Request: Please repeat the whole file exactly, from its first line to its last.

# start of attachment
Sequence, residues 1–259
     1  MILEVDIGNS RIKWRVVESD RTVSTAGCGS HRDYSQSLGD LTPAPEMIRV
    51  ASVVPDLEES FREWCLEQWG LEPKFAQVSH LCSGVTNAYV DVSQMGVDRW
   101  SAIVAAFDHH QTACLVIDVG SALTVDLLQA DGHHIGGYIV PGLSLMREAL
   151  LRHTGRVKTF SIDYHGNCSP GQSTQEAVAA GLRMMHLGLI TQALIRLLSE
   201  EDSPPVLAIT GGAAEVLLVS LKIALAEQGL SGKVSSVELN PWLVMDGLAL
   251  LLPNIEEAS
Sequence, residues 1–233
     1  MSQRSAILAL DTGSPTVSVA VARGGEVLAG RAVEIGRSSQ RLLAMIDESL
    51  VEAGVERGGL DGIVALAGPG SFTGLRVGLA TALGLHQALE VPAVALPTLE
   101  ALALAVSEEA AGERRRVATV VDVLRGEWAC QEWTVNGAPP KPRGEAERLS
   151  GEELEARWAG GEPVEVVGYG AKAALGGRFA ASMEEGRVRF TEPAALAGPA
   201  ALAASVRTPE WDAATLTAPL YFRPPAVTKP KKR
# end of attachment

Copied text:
Sequence, residues 1–259
     1  MILEVDIGNS RIKWRVVESD RTVSTAGCGS HRDYSQSLGD LTPAPEMIRV
    51  ASVVPDLEES FREWCLEQWG LEPKFAQVSH LCSGVTNAYV DVSQMGVDRW
   101  SAIVAAFDHH QTACLVIDVG SALTVDLLQA DGHHIGGYIV PGLSLMREAL
   151  LRHTGRVKTF SIDYHGNCSP GQSTQEAVAA GLRMMHLGLI TQALIRLLSE
   201  EDSPPVLAIT GGAAEVLLVS LKIALAEQGL SGKVSSVELN PWLVMDGLAL
   251  LLPNIEEAS
Sequence, residues 1–233
     1  MSQRSAILAL DTGSPTVSVA VARGGEVLAG RAVEIGRSSQ RLLAMIDESL
    51  VEAGVERGGL DGIVALAGPG SFTGLRVGLA TALGLHQALE VPAVALPTLE
   101  ALALAVSEEA AGERRRVATV VDVLRGEWAC QEWTVNGAPP KPRGEAERLS
   151  GEELEARWAG GEPVEVVGYG AKAALGGRFA ASMEEGRVRF TEPAALAGPA
   201  ALAASVRTPE WDAATLTAPL YFRPPAVTKP KKR